User Guide
Triggering Runs
Schedule Trigger

Triggering Workflows with Schedule in Hatchet

In addition to cron triggers and event-based triggers, Hatchet provides the ability to schedule workflows to run at specific times. This feature is useful when you need to execute a workflow at a precise moment, such as sending a reminder email at a specific hour or a one-time maintenance task at a predetermined time.

Configuring Schedule Triggers

To trigger a workflow at a specific time, you need to configure the on property in the workflow definition using the schedule option. Here's an example of how to define a schedule trigger:

const myWorkflow: Workflow = {
  id: "my-workflow",
  description: "A workflow triggered by a schedule",
  on: {
    schedule: "2023-06-15T09:30:00Z",
  steps: [
    // Define your workflow steps here

In this example, the on property is set to an object with a schedule property. The schedule property specifies the exact date and time when the workflow should be triggered. The date and time should be provided in the ISO 8601 format (YYYY-MM-DDTHH:mm:ssZ).

Delaying Events Using Child Workflows

In addition to triggering workflows at specific times using schedule triggers, Hatchet also provides the ability to delay events by leveraging child workflows. This approach allows you to schedule a workflow to run at a future time and proxy relevant data to it.

Here's an example of how you can delay events using child workflows in Hatchet:

from datetime import datetime, timedelta
from hatchet_sdk import Hatchet, Context
hatchet = Hatchet(debug=True)
class PrintSchedule:
    def schedule(self, context: Context):
        now =
        print(f"The time is \t {now.strftime("%H:%M:%S")}")
        future_time = now + timedelta(seconds=15)
        print(f"Scheduling for \t {future_time.strftime("%H:%M:%S")}")
        # schdule the run in the future
class PrintPrinter:
    def step1(self, context: Context):
        now =
        print(f"Printed at \t {now.strftime("%H:%M:%S")}")
        print(f"Message \t {context.workflow_input()['message']}")

In this example, we have two workflows: PrintSchedule and PrintPrinter. The PrintSchedule workflow is triggered by the printer:schedule event. When this workflow is executed, it performs the following steps:

  1. It retrieves the current time using and prints it.
  2. It calculates a future time by adding a specified delay (in this case, 15 seconds) to the current time using timedelta.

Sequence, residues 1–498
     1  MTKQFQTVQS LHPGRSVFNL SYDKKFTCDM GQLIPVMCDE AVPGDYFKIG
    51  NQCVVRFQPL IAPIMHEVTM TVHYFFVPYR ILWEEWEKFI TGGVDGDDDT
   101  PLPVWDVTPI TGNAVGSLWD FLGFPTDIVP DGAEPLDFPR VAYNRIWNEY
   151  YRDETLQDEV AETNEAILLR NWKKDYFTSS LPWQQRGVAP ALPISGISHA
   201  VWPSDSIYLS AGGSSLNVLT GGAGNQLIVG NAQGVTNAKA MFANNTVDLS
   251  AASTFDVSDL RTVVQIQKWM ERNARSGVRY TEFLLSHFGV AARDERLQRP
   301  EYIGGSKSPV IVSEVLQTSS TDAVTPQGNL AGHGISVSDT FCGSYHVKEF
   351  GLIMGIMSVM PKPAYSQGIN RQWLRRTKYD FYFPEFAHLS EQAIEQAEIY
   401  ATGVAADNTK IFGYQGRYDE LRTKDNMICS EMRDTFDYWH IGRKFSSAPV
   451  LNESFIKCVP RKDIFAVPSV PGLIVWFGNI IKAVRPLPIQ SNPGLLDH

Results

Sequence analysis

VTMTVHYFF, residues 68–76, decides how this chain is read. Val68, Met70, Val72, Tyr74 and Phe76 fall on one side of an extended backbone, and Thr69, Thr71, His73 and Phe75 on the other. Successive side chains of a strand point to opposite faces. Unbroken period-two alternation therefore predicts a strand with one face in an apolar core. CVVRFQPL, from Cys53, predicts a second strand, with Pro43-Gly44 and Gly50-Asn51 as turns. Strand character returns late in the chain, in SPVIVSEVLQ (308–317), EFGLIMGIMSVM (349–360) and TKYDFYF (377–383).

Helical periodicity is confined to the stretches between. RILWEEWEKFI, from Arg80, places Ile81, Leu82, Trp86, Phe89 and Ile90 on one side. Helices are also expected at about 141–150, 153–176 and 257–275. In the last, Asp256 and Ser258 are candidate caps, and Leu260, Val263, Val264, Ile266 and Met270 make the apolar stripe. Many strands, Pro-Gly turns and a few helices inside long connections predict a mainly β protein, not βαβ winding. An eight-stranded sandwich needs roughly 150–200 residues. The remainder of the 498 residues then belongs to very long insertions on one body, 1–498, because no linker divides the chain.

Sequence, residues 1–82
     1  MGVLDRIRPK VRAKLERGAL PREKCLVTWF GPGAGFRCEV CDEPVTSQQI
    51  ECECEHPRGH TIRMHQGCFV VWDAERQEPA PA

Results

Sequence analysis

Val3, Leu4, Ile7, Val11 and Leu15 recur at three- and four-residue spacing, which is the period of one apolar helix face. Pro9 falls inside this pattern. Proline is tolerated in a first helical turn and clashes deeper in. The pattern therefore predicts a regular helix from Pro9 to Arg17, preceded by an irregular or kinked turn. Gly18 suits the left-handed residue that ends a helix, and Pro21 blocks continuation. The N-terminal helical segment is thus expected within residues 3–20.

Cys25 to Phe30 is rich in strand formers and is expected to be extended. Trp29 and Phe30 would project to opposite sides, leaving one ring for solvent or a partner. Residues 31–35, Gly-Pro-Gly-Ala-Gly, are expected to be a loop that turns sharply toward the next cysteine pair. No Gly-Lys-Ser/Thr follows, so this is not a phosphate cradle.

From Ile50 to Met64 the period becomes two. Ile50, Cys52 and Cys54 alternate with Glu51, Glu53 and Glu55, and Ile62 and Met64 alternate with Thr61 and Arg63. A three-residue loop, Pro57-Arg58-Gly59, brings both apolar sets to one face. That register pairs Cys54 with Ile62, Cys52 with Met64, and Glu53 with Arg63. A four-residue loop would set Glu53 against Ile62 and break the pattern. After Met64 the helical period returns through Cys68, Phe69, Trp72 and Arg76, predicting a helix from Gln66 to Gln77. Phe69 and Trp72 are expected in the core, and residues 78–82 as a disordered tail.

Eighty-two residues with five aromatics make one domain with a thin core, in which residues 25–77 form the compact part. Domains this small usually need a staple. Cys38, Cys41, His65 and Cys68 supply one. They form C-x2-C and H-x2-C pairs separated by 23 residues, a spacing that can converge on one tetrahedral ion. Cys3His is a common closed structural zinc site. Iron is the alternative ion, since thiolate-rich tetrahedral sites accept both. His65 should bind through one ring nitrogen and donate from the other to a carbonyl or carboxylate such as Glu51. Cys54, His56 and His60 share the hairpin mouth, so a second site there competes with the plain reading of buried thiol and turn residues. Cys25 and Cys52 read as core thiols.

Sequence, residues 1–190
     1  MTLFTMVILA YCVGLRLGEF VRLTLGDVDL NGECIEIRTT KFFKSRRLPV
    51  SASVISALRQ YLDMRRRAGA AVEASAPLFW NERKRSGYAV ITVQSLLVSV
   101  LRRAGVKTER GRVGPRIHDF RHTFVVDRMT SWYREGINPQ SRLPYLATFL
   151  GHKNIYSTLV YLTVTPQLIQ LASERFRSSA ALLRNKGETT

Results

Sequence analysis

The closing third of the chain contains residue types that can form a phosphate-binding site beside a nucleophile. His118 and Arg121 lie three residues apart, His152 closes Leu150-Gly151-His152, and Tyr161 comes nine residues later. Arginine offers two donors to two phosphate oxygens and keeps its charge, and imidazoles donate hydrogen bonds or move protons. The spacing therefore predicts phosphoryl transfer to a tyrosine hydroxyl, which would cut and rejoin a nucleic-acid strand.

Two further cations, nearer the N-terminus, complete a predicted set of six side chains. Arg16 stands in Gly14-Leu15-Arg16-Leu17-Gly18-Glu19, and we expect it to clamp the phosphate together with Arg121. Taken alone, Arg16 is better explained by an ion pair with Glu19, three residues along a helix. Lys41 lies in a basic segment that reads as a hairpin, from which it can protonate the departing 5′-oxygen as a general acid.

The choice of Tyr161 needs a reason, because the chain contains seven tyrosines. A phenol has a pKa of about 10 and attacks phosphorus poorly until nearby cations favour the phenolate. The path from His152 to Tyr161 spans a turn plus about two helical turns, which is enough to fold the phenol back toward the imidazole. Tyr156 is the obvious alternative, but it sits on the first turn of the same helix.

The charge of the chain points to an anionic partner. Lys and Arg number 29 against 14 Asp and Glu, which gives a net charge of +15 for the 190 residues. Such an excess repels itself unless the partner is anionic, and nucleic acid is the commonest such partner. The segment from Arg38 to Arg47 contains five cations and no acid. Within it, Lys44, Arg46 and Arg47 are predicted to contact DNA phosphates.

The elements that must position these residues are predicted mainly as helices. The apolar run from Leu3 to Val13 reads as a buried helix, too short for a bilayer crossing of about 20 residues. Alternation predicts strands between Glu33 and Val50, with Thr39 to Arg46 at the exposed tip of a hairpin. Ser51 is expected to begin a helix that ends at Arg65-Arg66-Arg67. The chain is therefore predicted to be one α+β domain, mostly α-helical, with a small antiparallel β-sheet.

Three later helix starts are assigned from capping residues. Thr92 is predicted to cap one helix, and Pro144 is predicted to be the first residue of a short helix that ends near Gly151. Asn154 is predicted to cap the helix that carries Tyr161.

3. It schedules the PrintPrinter workflow to run at the calculated future time using hatchet.client.admin.schedule_workflow(). The future time is passed as an argument, and the input data for the child workflow is obtained from context.workflow_input().

By scheduling the PrintPrinter workflow to run at a future time, you effectively delay the execution of the event.

This approach provides flexibility in delaying events and passing relevant data to the delayed workflow. You can customize the delay duration based on your specific requirements and include any necessary data in the workflow input.

Remember to register both workflows with the Hatchet worker and start the worker to enable the execution of the workflows.

Scheduling Considerations

When using schedule triggers, there are a few considerations to keep in mind:

  1. Time Zone: Schedule triggers use the UTC (Coordinated Universal Time) time zone by default. If you want to specify the schedule in a different time zone, you need to include the time zone offset in the ISO 8601 format (2023-06-15T09:30:00+02:00 for UTC+2).

  2. Execution Time: Hatchet makes a best-effort attempt to start the workflow at the exact scheduled time. However, there may be slight delays due to system load or other factors. The actual execution time may vary slightly from the scheduled time.

  3. One-Time Execution: Schedule triggers are designed for one-time execution. Once a workflow is triggered by a schedule, it will not be triggered again automatically. If you need recurring executions, consider using cron triggers instead.

Scheduling Best Practices

When working with schedule triggers, consider the following best practices:

  1. Scheduling Granularity: Be mindful of the granularity of your scheduled workflows. Avoid scheduling workflows too frequently or at overly precise times, as it may lead to increased system load and potential delays.

  2. Time Zone Awareness: Ensure that you consider the appropriate time zone when specifying the schedule. Use UTC or include the time zone offset to avoid confusion and ensure consistent execution across different regions.

  3. Scheduling Window: Configure an appropriate scheduling window based on your workflow requirements. Consider factors such as data availability, dependencies, and system load when determining the window size.

  4. Error Handling: Implement proper error handling and retry mechanisms in your workflows to handle any potential failures or exceptions that may occur during scheduled executions.


Schedule triggers in Hatchet provide a convenient way to trigger workflows at specific times. By configuring the on property with a schedule value, you can define the exact date and time when a workflow should be executed.

Remember to consider time zones, execution times, one-time execution, and scheduling windows when working with schedule triggers. Follow best practices such as choosing appropriate scheduling granularity, handling errors, and implementing monitoring and alerting.

With Hatchet's scheduling capabilities, you can automate time-sensitive tasks, generate reports at specific intervals, and execute workflows with precise timing requirements.